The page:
India's Moment: Changing Power Equations around the World. Mohan Kumar. HarperCollins India. 2023. Pages 292. Rs 420.
Today (26 January), India celebrated 75 years as the world's largest democracy. This year's themes for the Republican Day parade are 'Viksit Bharat' — developed India — and 'Bharat-Loktantra ki Matruka' — India as a mother of democracy.
India, with one-fifth of the world's population, boasts the third to fifth-largest economy, depending on the measurement criteria. Despite this, it is home to the world's largest poor population, contributing only 8 per cent to the global gross domestic product (GDP).
However, India has lifted 248 million people out of multidimensional poverty in the last decade alone. The nation has successfully carved its place in international trade, benefiting its economy through various policies, one of which is its foreign policy. Surprisingly, contemporary commentators have written very little about it.
From the 1950s to the 2020s, India has come a long way in economic and social progress, impacting its global standing and ability.
“India's ambitions, influence, and margin for manoeuvre in negotiating with the rest of the world rests substantially... on its economic and military clout,” Mohan Kumar, a former diplomat and now an academician writes in India's Moment: Changing Power Equations Around the World.
But how does India navigate the world for its benefit amid geopolitical pressure and domestic politics? Why does it present its economic concerns against proposals at international forums? How does India sign agreements that leave enough space for domestic policymaking?
Kumar responds to these questions with his proposed ‘Integrated Framework’ in his book. This framework includes the Gandhi litmus test, policy space, geopolitical imperatives, domestic politics, multilateralism, and realpolitik and material gain.
In the pre-WTO (World Trade Organization) days, when General Agreement on Tariffs and Trade (GATT) was in place, India maintained a defensive position in international trade-related discussions due to the skewed dynamics favouring developed countries.
India fought vehemently against the Trade Related Aspects of Intellectual Property Right (TRIPS) agreement in the Uruguay Round, as it went against the interests of its farmers and domestic pharmaceutical industries.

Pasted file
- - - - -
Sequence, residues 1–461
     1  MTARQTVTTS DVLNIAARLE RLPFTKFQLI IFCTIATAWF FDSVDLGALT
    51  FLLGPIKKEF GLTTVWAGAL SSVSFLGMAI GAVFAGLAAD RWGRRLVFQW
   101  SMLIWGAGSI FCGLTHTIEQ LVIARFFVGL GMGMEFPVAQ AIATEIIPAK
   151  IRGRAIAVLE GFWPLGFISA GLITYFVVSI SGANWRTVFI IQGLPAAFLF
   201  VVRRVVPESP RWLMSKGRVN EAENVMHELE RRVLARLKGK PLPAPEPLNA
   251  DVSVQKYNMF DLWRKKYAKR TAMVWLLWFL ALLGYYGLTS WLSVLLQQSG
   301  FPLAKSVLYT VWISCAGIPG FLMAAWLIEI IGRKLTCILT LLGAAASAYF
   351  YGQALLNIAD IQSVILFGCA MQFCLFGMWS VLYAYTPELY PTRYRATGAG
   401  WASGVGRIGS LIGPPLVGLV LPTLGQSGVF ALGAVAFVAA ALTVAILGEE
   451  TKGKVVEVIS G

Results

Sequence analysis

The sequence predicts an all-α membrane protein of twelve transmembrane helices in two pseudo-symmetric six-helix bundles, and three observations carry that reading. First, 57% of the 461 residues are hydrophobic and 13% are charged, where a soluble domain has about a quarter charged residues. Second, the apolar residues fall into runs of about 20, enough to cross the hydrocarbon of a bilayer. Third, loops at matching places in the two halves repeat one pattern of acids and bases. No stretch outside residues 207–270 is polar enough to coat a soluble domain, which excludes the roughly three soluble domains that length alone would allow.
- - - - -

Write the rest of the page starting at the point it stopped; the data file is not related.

A year after the formation of the WTO, the US, EU, Japan and Canada insisted on bringing new issues into discussions, neglecting existing implementation issues faced by developing countries. India strongly opposed this move.
At this juncture, the usefulness of the WTO is debatable. Like other nations, India is entering into free trade agreements (FTAs) with individual countries, giving them access to its market while gaining access to theirs.
However, many plurilateral agreements are being forged without India, and according to the author, India is missing a preferential trading system due to its adherence to multilateral agreements.
Another vital issue that Kumar touches on in the book is climate change. He does the necessary differentiation between the 'lifestyle emissions' of the developed countries and the 'survival emissions' of the developing countries.
In the initial years of discussions, New Delhi pushed hard against the West and its allies for not having any agreements that hindered the growth of the Indian economy and restricted the policy space.
However, over the years, New Delhi realigned its position on the issue of becoming a net-zero country in terms of carbon emission. The Paris Accord is an important event associated with this realignment.
The author, an ambassador of India to France in 2015, narrates the Indian stand in detail with a personal touch. He also focuses on India's stand on various geopolitical wars in another chapter.
The book, filled with valuable insights and insider accounts, is an excellent account of understanding the evolution of Indian foreign policy. It is a must-read for those interested in why India takes specific stands on certain issues. Therefore, Western analysts who continuously criticise India should peruse this book. It could help bring about a sense of understanding.
Harshil Mehta is a columnist who writes on international relations, diplomacy, and national issues. He tweets @MehHarshil.
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